Catherine Coutts, ceilidh caller and highland dance teacher

Scottish dancing is fun, energetic and once people do it, they almost always enjoy it. At ceilidh events, there's a lively buzz to the room and a real sense of community. Usually, one person will pluck up the confidence to take to the dance floor and the others will follow their lead. I love seeing the delight on people's faces, the warmth, and the happiness that fills the room when the ceilidh band starts to play.

From the age of five I practised ballet dancing which was an incredibly competitive dance form. At 12, I became interested in Highland dancing because my friends at school did it. The training was intense and I remember the teacher being very strict over simple things like pointing my toe a certain way. It takes years to build up the skills to dance well, but Highland dancing is incredibly supple compared to ballet.

I completed my Highland dance qualification and taught a children's and an adult beginners' class, which attracted people in their late teens and some in their seventies. As a teacher, it's important to make dancing fun while involving techniques. Some people were natural dancers while others were ready to work.

Dancing has always been part of my life and taken me all over the world from Peru to South Korea. When I retired from Highland dancing, I set up an entertainment industry with Highland pipes and dancers. At one point, I had to find a ceilidh band and a caller at short notice which sparked my interest in ceilidh calling. This requires being able to manage large groups of people. What I love about ceilidh dancing is that everyone can take part. It isn't formal like ballet, or Highland dancing and the best part is seeing everyone join in and have fun.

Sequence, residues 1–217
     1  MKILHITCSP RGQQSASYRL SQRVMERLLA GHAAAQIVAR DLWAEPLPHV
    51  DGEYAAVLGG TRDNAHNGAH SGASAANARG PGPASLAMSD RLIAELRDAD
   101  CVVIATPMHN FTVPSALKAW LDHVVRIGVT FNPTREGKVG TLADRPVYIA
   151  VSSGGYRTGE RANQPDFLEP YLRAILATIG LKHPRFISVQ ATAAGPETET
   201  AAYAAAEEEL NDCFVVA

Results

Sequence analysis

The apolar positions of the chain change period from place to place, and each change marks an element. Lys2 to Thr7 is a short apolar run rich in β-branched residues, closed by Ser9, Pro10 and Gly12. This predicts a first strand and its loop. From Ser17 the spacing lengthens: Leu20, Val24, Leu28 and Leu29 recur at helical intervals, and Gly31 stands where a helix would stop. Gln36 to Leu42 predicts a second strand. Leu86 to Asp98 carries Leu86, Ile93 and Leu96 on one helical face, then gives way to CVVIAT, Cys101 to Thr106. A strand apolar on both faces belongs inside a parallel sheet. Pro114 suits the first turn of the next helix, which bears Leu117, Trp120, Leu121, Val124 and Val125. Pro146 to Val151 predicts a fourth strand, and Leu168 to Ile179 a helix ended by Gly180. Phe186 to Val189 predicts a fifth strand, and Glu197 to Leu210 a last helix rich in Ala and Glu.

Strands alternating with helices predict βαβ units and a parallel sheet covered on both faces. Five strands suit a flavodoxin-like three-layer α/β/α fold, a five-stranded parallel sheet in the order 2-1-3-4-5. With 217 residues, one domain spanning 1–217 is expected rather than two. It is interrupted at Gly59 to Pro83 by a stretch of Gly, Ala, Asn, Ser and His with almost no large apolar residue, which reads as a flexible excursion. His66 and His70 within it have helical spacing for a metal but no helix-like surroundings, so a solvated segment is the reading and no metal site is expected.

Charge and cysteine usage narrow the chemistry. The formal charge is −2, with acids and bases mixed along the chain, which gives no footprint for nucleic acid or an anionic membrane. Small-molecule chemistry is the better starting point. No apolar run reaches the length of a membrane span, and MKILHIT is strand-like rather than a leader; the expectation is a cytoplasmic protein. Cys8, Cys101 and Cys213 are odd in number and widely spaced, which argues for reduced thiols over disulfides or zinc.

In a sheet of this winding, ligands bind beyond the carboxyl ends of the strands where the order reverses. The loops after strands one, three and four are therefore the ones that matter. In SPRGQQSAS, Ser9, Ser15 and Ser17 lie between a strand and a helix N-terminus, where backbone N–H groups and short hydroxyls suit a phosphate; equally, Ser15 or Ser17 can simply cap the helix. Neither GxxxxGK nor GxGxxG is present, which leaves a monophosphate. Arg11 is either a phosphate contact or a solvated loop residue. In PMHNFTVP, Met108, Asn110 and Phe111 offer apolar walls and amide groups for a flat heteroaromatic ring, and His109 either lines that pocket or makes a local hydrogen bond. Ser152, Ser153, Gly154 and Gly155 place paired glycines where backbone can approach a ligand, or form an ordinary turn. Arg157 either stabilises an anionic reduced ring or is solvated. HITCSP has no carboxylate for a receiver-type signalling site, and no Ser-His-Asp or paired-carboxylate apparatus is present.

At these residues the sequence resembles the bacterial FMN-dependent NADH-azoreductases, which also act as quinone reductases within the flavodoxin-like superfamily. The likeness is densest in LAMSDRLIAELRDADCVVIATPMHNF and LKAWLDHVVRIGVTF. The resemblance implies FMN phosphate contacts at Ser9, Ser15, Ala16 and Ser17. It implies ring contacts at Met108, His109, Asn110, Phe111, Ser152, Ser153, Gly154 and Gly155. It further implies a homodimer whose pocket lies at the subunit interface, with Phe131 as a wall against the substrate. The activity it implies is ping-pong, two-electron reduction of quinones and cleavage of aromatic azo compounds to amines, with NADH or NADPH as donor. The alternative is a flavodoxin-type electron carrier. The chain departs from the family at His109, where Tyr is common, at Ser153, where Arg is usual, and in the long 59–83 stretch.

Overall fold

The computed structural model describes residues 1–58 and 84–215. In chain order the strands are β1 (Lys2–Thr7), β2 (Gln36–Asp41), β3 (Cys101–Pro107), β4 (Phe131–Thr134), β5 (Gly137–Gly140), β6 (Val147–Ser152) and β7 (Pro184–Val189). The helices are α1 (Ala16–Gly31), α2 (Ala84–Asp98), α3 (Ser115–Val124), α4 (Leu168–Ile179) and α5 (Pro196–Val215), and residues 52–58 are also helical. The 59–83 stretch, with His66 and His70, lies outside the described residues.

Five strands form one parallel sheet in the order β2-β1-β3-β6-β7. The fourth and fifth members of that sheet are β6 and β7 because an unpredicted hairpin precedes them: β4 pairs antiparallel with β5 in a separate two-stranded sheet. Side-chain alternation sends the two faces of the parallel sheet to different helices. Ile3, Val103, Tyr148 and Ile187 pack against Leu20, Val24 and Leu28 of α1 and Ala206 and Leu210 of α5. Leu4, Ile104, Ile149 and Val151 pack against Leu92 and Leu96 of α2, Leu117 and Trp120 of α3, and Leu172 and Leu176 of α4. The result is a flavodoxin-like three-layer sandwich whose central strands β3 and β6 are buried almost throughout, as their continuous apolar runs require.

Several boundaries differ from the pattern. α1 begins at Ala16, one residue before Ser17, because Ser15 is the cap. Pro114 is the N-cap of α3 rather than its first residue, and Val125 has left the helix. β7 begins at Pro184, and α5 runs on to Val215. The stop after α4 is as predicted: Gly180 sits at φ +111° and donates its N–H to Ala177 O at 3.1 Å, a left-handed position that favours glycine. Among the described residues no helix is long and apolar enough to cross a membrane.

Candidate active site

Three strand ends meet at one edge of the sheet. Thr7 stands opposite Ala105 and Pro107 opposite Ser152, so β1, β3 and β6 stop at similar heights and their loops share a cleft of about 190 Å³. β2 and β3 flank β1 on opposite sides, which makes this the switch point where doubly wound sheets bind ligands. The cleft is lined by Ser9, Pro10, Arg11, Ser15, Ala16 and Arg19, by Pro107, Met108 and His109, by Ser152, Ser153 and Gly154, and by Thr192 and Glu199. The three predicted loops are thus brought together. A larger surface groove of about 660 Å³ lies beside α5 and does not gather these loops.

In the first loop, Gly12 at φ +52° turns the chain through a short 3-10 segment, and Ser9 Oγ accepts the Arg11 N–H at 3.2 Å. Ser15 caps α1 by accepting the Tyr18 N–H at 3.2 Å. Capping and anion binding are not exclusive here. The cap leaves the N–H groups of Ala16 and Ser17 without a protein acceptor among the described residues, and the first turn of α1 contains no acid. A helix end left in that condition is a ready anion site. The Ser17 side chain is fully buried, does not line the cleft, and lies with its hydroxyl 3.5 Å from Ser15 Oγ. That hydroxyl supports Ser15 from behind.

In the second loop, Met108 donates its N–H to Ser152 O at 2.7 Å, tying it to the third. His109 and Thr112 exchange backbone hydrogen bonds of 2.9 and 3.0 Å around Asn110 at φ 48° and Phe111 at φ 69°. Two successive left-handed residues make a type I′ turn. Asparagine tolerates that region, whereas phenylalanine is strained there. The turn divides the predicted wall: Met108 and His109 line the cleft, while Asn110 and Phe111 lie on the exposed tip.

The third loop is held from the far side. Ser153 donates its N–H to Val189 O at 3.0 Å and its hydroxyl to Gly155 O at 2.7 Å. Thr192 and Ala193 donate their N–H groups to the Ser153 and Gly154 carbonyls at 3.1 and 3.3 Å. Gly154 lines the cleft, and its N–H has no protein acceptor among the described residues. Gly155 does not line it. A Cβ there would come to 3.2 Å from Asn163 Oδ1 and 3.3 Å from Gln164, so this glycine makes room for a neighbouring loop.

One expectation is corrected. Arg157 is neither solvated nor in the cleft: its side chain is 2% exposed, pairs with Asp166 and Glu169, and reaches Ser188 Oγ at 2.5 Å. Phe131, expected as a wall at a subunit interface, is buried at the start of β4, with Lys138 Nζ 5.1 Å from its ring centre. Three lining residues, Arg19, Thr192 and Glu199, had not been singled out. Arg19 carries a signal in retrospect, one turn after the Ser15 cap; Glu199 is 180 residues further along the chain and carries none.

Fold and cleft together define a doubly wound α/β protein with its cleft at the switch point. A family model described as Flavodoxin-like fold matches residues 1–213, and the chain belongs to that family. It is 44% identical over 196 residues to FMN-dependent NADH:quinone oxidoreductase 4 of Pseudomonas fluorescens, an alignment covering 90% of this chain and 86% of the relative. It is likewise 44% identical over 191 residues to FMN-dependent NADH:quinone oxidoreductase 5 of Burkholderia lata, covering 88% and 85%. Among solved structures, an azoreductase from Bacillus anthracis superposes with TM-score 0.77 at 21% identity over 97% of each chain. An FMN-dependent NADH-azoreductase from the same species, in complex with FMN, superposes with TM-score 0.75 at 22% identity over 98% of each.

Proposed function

I do freelance work which involves ceilidh dancing for Finnish teachers, weddings, birthday and large corporate functions at Kelvingrove Art Gallery and Museum. Sometimes, I can expect three ceilidh events in a week which is very busy, but I love dressing up for the occasion and being surrounded by happy people. It makes it feel all the more worthwhile.

One of the best experiences I've had as a ceilidh caller is when I was asked by the Portobello Ceilidh Band to take part in the fiftieth anniversary of the Forth Road Bridge. That was an incredible night. A torchlight procession took place across the bridge, the sky was illuminated by fireworks, as people feasted on delicious traditional food and drink.

I've taught people who come to Scotland to ceilidh dance because it's a great way to encourage people to mix. It's an enjoyable learning experience and everyone wears tartan for the occasion. The night usually kicks off with Scots music to get everyone into the mood. If the group are energetic, I'll teach them to do the Cumberland Square. Sometimes people feel quite nervous about this, especially if they've never danced before, if so, I'll keep it simple and start off with the Circassian Circle or the Gay Gordons. I love connecting people together through dance and sharing Scottish traditions and culture.